Though he had helped to come up with the design and had been a long-time proponent of the concept, Teller was not chosen to head the development project (his reputation of a thorny personality likely played a role in this). In 1952 he left Los Alamos and joined the newly established Livermore branch of the University of California Radiation Laboratory, which had been created largely through his urging. After the detonation of "Ivy Mike", the first thermonuclear weapon to utilize the Teller-Ulam configuration, on November 1, 1952, Teller became known in the press as the "father of the hydrogen bomb." Teller himself refrained from attending the test—he claimed not to feel welcome at the Pacific Proving Grounds—and instead saw its results on a seismograph in the basement of a hall in Berkeley.[13] Ivy Mike mushroom cloud. ... Ivy Mike mushroom cloud. ... A megaton or megatonne is a unit of mass equal to 1,000,000 metric tons, i. ... The mushroom cloud from the Mike shot. ... The mushroom cloud of the atomic bombing of Nagasaki, Japan, in 1945 lifted nuclear fallout some 18 km (60,000 feet) above the epicenter. ... Aerial view of the lab and surrounding area, facing NW. The Lawrence Livermore National Laboratory (LLNL) in Livermore, California is a United States Department of Energy (DOE) national laboratory, managed and operated by Lawrence Livermore National Security, LLC (LLNS), a limited liability consortium comprised of Bechtel National, the University of... The Berkeley Lab is perched on a hill overlooking the Berkeley central campus and San Francisco Bay. ... The mushroom cloud from the Mike shot. ... is the 305th day of the year (306th in leap years) in the Gregorian calendar. ... Year 1952 (MCMLII) was a leap year starting on Tuesday (link will display full calendar) of the Gregorian calendar. ... The United States began using the Marshall Islands as a nuclear testing site beginning in 1946. ... Seismographs (in Greek seismos = earthquake and graphein = write) are used by seismologists to record seismic waves. ...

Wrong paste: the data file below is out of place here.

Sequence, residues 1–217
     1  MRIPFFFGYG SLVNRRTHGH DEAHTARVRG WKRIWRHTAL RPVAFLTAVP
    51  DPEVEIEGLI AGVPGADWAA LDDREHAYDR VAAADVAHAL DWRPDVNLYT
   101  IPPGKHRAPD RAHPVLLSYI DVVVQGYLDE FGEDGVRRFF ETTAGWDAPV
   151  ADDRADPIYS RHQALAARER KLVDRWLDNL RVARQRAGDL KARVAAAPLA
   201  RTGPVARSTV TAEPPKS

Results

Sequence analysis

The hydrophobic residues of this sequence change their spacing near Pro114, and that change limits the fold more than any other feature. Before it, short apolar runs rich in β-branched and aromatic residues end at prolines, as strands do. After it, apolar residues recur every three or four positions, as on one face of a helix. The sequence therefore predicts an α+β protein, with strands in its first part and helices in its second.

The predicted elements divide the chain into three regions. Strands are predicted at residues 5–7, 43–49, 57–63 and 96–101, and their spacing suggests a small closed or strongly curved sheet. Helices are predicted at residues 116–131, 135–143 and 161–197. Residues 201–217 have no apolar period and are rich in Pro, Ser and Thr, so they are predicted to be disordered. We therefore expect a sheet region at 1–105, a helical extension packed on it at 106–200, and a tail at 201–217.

By analyzing the fallout from this test, the Soviets (led in their H-bomb work by Soviet scientist Andrei Sakharov) could have easily deduced that the new design had used compression as the key initiator. However, this was later denied by the Soviet bomb researchers, who later claimed that they were not yet at that time organized to collect fallout data from U.S. tests. Because of official secrecy, little information about the bomb's development was released by the government, and press reports often attributed the entire weapon's design and development to Teller and his new Livermore Laboratory (when it was actually developed by Los Alamos).[10] Andrei Sakharov, 1943 For the historian, see Andrey Nikolayevich Sakharov. ...